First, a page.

Tuesday, 2 May 2017


It's an incredible story - Welsh Punk band, Foreign Legion have been around now for decades and are a much respected part of the independent music scene - as a collective unit the band first drew breath in 1984 and have remained fiercely independent ever since - not for them the interference of a major label....They have their own vision and they stick to it. That's something that deserves  respect.

They continue to gig regularly and over the years have built up an impressive fan base, as well as the odd stalker or two. Vocalist, Marcus Howells told me of one particular fan who inspired the track, Stalker on the Light at the end of the Tunnel album -

'When you've got a bird phoning you a hundred times a day, throwing stones at your window, following you everywhere. Nutcase.'
Marcus Howells - stalkers beware

Stalker, stalker.
She's stalking me.

Over the years the band have gigged around the world, and have shared the stage with some legendary names - Stiff Little Fingers, The Ruts, GBH, Cockney Rejects. They are the only Welsh band to play the legendary CBGB in New York and have given storming shows at many festivals including the likes of Back On The Streets, Punk & Disorderly and the Rebellion Festival. They are also no strangers to the legendary 100 Club, and have torn up the venue many times.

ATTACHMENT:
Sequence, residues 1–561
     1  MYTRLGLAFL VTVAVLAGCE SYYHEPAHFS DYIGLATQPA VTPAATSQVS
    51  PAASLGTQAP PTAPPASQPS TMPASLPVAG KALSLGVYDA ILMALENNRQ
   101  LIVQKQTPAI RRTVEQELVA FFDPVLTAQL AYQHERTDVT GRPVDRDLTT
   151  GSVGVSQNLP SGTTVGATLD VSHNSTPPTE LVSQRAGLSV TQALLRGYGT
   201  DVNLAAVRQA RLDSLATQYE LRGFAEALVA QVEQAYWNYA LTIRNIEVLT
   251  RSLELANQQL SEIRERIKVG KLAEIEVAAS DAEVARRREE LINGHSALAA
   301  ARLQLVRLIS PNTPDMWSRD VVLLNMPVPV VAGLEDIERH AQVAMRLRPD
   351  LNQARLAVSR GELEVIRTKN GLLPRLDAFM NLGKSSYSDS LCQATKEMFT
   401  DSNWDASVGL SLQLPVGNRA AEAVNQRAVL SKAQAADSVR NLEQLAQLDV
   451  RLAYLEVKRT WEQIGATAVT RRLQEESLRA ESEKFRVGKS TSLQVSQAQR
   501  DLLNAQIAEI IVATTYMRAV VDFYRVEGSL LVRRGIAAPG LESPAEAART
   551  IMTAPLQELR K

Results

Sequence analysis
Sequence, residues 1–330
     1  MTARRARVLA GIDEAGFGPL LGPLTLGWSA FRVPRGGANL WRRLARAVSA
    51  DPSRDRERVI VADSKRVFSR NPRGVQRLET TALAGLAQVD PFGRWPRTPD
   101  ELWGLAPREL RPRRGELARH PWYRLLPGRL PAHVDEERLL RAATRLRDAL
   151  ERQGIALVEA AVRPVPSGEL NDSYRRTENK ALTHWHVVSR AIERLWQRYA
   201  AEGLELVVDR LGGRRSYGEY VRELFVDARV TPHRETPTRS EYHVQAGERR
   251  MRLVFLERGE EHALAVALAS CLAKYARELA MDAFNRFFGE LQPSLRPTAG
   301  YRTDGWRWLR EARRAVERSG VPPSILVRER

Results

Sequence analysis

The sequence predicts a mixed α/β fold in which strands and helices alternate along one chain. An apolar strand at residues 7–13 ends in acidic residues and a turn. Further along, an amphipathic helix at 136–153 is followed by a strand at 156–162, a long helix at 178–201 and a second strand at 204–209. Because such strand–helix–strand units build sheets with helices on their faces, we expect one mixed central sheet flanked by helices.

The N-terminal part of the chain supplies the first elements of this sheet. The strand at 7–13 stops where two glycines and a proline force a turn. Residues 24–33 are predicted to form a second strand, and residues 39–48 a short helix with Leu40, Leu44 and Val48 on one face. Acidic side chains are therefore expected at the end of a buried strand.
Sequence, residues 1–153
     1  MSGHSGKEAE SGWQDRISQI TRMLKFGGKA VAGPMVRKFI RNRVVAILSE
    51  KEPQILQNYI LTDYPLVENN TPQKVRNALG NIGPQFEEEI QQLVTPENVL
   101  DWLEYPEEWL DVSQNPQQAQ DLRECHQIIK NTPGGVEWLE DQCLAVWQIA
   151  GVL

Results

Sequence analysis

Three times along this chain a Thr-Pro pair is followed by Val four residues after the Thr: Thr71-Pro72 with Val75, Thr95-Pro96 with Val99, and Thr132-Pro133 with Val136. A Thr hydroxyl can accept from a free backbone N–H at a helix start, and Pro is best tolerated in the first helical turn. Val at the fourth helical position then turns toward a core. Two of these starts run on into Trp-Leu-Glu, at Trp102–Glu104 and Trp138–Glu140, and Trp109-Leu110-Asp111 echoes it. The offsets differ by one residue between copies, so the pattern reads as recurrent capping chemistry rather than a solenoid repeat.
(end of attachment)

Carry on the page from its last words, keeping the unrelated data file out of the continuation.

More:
Foreign Legion were formed in 1984 out of the ashes of several other punk projects, and are very much a product of both their environment and times. Hailing from Merthyr in the South Wales Valleys the young band were there; witnesses to the great industrial battles of the 80's - the miners' strike of 1984 obviously colours their world view and it's a view that this writer very much agrees with. I come from the Rhondda Valleys which is now part of the same unitary boundaries as Merthyr and like the band's valleys my own has been forgotten and ignored by politicians. Those same politicians who took all of the wealth out of the valleys - these days the valleys are run down but the people remain strong, defiant and angry...there is, it seems, a light at the end of the tunnel.

'Valleys had no future Maggie no jobs run down etc but the people keep going heads up not down.'
Foreign Legion...fucking angry
Marcus Howells

 The lyrics are typically political and angry...boy, are they angry. But then how could not be? Foreign Legion are the real deal - there's no false posturing here. They mean every word they say, and they are all the better for it.

The album opens with a storming guitar driven track - Jenny. It's a great place to start, a catchy anthem-type song which is followed up by, What A Place to Be. There's a lot of melody amongst the power chords and expertly delivered vocals. Then we have, what is a stand out track for me - the excellent Regenerations (Council List) sticks it to the man in a way that had me punching the air in delight. This song is followed by My Radio which features a stunning bass introduction. This powerful first side ends with Hey Girl followed by George Best. The latter track reminded me of early Clash and I mean that as a compliment.